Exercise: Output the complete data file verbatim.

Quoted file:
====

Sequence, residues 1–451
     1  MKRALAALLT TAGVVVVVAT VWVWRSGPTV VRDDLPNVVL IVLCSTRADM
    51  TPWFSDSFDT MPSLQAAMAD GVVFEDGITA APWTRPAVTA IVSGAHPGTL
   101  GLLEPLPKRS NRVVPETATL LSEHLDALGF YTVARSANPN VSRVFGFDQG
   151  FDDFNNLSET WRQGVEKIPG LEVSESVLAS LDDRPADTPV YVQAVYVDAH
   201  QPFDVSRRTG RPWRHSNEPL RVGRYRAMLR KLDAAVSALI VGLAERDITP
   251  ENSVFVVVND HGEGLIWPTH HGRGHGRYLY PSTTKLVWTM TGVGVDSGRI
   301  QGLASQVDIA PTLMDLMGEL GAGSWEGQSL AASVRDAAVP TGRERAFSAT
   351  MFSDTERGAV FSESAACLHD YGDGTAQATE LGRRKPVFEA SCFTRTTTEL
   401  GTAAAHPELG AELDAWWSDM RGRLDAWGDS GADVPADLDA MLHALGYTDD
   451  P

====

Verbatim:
Sequence, residues 1–451
     1  MKRALAALLT TAGVVVVVAT VWVWRSGPTV VRDDLPNVVL IVLCSTRADM
    51  TPWFSDSFDT MPSLQAAMAD GVVFEDGITA APWTRPAVTA IVSGAHPGTL
   101  GLLEPLPKRS NRVVPETATL LSEHLDALGF YTVARSANPN VSRVFGFDQG
   151  FDDFNNLSET WRQGVEKIPG LEVSESVLAS LDDRPADTPV YVQAVYVDAH
   201  QPFDVSRRTG RPWRHSNEPL RVGRYRAMLR KLDAAVSALI VGLAERDITP
   251  ENSVFVVVND HGEGLIWPTH HGRGHGRYLY PSTTKLVWTM TGVGVDSGRI
   301  QGLASQVDIA PTLMDLMGEL GAGSWEGQSL AASVRDAAVP TGRERAFSAT
   351  MFSDTERGAV FSESAACLHD YGDGTAQATE LGRRKPVFEA SCFTRTTTEL
   401  GTAAAHPELG AELDAWWSDM RGRLDAWGDS GADVPADLDA MLHALGYTDD
   451  P